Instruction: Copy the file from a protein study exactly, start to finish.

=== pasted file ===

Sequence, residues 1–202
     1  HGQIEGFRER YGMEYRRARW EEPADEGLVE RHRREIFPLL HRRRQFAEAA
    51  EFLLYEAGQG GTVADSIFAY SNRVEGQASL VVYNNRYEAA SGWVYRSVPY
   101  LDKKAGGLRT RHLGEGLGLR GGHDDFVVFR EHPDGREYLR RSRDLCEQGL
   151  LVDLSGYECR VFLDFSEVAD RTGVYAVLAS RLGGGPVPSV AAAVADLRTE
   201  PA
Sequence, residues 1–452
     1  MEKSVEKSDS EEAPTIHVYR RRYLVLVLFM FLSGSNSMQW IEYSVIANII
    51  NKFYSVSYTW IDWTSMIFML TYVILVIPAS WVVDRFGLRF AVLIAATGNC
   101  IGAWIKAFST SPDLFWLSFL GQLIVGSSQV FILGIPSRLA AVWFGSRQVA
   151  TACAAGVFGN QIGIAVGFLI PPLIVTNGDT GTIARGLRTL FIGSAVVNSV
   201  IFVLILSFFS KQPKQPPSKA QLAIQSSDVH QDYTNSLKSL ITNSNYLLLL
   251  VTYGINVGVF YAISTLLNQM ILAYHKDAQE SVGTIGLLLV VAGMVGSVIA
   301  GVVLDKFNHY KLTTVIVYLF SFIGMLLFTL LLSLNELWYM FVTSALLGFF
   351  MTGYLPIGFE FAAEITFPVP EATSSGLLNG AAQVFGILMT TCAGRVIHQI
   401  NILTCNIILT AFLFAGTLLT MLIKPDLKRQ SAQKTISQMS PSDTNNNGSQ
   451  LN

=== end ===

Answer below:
Sequence, residues 1–202
     1  HGQIEGFRER YGMEYRRARW EEPADEGLVE RHRREIFPLL HRRRQFAEAA
    51  EFLLYEAGQG GTVADSIFAY SNRVEGQASL VVYNNRYEAA SGWVYRSVPY
   101  LDKKAGGLRT RHLGEGLGLR GGHDDFVVFR EHPDGREYLR RSRDLCEQGL
   151  LVDLSGYECR VFLDFSEVAD RTGVYAVLAS RLGGGPVPSV AAAVADLRTE
   201  PA
Sequence, residues 1–452
     1  MEKSVEKSDS EEAPTIHVYR RRYLVLVLFM FLSGSNSMQW IEYSVIANII
    51  NKFYSVSYTW IDWTSMIFML TYVILVIPAS WVVDRFGLRF AVLIAATGNC
   101  IGAWIKAFST SPDLFWLSFL GQLIVGSSQV FILGIPSRLA AVWFGSRQVA
   151  TACAAGVFGN QIGIAVGFLI PPLIVTNGDT GTIARGLRTL FIGSAVVNSV
   201  IFVLILSFFS KQPKQPPSKA QLAIQSSDVH QDYTNSLKSL ITNSNYLLLL
   251  VTYGINVGVF YAISTLLNQM ILAYHKDAQE SVGTIGLLLV VAGMVGSVIA
   301  GVVLDKFNHY KLTTVIVYLF SFIGMLLFTL LLSLNELWYM FVTSALLGFF
   351  MTGYLPIGFE FAAEITFPVP EATSSGLLNG AAQVFGILMT TCAGRVIHQI
   401  NILTCNIILT AFLFAGTLLT MLIKPDLKRQ SAQKTISQMS PSDTNNNGSQ
   451  LN